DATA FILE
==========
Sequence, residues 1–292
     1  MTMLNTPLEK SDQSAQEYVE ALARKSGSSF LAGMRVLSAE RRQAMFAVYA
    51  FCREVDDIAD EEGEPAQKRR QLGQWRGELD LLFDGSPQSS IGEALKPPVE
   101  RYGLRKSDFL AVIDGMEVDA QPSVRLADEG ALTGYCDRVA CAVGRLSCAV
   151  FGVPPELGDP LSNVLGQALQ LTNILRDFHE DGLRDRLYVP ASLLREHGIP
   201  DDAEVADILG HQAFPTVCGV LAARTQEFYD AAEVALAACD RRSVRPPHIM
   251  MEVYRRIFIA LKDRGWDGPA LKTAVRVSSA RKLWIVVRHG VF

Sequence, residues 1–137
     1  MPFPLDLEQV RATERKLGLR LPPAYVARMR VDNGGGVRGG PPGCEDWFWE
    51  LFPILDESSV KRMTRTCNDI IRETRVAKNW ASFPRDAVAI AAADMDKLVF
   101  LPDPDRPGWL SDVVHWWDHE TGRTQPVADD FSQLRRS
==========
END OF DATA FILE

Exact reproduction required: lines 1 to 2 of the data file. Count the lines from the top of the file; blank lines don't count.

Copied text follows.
Sequence, residues 1–292
     1  MTMLNTPLEK SDQSAQEYVE ALARKSGSSF LAGMRVLSAE RRQAMFAVYA